The statistics regarding the impact of EMR (Electronic Medical Records) on efficiency seem far less than encouraging. As commented privately to me, in more than one occasion, significant net drops in provider efficiency are the norm, despite the hype.
The push for EMR adoption on the part of the government and payers is about data, not provider productivity (at least not the kind of productivity that improves a provider's bottom line). A 6% penalty on Medicare billing or a $64,000 incentive is small compared to the real cost of EMR adoption for many providers. The gap between what providers are being sold on and reality could hardly be broader in the industry...
So, the reality is that today's EMR is a really hard thing to do well, as also evidenced by the reported high numbers of failed EMR conversions and large number of second EMRs (replacing a first EMR).
Electronic Medical Records -- the new email frontier?
In contrast, using encrypted email can be much easier for adoption and even provide an EMR basis IF it can complement rather than replace an email system. It should require no changes in the user GUI, no learning, no commitment in other areas, no change to any other aspect of the operation, and should have low cost compared to the base system (email).
This is exactly what ZSentry at http://zsentry.com has been providing, as a complement system to Google Apps, Outlook, iPad, and other existing email solutions, enabling HIPAA and HITECH Safe Harbor (the next need after HIPAA) practically "out-of-the-box".
And ZSentry can also be used as part of a local EMR, allowing secure communication in and out of it. One such hybrid ZSentry/EMR system has recently been certified by the DHHS in the US ARRA program.
So, Yes, albeit the statistics on current EMR efficiency are not encouraging, we can start with simpler systems that are, well, simpler to work with.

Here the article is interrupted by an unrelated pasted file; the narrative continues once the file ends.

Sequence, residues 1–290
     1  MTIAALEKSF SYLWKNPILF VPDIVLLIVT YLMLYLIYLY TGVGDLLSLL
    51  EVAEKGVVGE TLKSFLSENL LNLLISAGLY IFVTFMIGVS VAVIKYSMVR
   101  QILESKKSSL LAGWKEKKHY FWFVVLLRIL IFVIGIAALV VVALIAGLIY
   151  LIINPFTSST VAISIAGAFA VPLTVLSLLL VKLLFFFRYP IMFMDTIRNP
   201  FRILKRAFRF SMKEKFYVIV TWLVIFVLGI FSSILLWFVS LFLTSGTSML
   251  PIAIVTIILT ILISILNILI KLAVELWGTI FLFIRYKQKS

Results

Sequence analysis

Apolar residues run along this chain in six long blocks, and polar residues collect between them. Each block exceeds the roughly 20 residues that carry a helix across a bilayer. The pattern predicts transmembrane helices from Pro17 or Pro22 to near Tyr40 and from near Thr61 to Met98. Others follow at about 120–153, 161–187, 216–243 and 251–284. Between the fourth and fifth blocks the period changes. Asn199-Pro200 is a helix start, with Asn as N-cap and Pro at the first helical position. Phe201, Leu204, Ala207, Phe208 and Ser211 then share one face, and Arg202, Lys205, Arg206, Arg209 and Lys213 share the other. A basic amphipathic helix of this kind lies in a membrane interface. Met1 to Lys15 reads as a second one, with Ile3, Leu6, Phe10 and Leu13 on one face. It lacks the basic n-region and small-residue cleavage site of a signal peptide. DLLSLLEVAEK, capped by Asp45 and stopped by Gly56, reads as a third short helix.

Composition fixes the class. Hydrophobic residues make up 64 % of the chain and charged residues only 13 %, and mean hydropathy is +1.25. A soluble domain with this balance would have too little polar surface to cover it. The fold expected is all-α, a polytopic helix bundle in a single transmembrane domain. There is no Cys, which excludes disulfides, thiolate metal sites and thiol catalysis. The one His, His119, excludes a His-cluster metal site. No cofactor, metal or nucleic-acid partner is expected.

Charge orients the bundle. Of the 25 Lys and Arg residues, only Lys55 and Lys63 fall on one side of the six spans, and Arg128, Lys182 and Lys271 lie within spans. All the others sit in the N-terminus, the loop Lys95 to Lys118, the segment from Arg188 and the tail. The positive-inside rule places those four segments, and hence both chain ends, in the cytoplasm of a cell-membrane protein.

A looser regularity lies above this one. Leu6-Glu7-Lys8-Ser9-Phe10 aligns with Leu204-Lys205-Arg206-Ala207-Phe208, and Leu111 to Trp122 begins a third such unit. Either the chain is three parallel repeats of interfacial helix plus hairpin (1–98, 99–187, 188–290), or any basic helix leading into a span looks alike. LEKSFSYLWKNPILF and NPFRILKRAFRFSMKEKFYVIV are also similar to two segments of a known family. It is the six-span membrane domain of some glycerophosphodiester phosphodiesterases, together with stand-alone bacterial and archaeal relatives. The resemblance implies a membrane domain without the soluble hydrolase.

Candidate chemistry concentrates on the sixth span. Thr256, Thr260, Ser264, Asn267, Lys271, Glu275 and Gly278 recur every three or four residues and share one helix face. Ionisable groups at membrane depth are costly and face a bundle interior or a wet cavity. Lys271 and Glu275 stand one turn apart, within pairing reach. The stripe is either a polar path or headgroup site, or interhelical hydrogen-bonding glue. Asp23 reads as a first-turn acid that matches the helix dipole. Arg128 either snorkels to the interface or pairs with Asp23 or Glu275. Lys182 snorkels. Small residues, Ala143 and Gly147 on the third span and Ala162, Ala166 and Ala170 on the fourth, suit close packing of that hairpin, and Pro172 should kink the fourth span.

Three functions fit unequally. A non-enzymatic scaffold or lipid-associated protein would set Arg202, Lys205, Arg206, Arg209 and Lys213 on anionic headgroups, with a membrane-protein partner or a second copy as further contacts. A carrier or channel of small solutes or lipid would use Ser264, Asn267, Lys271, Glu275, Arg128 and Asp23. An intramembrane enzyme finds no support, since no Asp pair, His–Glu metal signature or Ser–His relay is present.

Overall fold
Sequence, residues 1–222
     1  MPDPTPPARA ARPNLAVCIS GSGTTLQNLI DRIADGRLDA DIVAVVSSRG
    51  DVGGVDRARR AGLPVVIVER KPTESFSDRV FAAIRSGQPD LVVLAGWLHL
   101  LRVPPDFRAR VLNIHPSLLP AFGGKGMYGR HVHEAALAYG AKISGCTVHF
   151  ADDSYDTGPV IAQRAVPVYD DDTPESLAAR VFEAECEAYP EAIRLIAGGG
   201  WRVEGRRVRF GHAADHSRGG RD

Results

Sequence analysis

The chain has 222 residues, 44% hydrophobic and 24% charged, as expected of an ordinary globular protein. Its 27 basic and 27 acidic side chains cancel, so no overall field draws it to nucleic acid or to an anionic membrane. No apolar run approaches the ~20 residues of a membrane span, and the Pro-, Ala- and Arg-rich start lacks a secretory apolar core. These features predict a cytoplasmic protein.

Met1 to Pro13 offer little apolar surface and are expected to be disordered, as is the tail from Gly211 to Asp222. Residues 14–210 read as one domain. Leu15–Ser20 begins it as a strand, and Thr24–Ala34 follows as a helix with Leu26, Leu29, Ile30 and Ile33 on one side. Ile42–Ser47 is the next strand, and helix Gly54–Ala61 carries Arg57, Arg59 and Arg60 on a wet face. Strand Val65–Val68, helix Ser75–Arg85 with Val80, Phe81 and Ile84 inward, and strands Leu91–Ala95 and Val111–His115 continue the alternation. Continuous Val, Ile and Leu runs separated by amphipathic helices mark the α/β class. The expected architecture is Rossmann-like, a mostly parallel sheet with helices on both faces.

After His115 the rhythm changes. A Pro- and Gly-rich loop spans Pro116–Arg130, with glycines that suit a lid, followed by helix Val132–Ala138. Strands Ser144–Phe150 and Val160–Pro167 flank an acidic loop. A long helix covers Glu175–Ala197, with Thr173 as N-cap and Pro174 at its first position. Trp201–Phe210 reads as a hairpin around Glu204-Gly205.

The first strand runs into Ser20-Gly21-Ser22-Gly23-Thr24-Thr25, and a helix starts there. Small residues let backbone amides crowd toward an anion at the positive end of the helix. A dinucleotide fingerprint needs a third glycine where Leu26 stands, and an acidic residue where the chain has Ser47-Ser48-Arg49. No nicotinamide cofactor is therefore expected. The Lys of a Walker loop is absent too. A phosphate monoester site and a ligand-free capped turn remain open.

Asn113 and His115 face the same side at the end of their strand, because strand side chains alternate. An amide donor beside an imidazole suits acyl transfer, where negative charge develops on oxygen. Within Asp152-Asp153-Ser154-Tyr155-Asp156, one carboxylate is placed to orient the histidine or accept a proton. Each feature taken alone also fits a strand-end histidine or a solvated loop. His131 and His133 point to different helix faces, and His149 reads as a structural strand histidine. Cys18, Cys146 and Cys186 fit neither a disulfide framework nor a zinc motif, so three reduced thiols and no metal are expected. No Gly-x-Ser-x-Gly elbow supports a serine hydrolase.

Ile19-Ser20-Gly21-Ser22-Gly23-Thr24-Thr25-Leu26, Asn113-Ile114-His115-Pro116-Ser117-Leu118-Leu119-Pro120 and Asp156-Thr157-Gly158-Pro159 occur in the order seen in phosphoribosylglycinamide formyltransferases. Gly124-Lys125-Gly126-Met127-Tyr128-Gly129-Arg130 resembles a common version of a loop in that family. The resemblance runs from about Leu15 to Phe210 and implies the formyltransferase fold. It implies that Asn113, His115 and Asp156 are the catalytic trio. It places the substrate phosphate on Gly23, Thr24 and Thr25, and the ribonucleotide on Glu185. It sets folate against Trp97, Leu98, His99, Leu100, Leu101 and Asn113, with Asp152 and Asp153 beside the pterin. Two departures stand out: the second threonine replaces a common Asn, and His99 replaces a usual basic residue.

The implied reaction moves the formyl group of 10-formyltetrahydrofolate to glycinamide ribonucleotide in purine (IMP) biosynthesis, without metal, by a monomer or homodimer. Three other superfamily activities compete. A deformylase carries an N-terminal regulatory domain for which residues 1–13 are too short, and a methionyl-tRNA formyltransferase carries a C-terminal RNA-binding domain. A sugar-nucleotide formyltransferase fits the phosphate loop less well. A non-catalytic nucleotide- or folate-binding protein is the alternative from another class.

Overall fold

How about the future?
If we see the statistics of CNC (Computer Numerical Control) adoption in the early 50's in the US, in the 70's for word processors, and other IT application examples, including the Internet itself, we will see the same trend of less efficiency, frustration, followed by exponential, unbelievable at the time, improvements in efficiency, cost, quality, and every other parameter (except when people look at direct employment reduction as a downside, rather than as an opportunity for progress).
Now, ask yourself how much would it cost to run an IT company the way a physician runs his office today?
For example, how many people-hours/day are used faxing in a practice today? And faxes are not even HIPAA-compliant...How long can this waste go on?
It's just natural that the future comes with a shock-wave. But automation-driven efficiency improvements grow fast and are worth the trouble. The U.S. Census Bureau took eight years to complete the 1880 census, but just one year for the 1890 census. The difference then: automatic tabulation with Hollerith cards.
Now, fast-forward to the US health-care sector in 2011. What's happening with the SOHO and SMB health-care markets? They are shrinking fast since ca. 2000, and becoming far more competitive in price. For example, the share of solo practices among members of the American Academy of Family Physicians fell to 18 percent by 2008 from 44 percent in 1986. And US census figures show that in 2007, just 28 percent of doctors described themselves as self-employed, compared with 58 percent in 1970. Many of the provisions of the new health care law are likely to accelerate these trends in the health care sector.
Because efficiency will become even more critical for the survival of solo and small practices, they may be more likely to use simpler, secure email first and move to EMR as possible. I doubt they will continue to use fax, or even dare to ask their patients to run to the pharmacy with a written prescription, or refill by phone. Larger health-care providers may also see faster returns by using simpler systems first. Keep It Simple -- and I see no need for adding a second S at the end.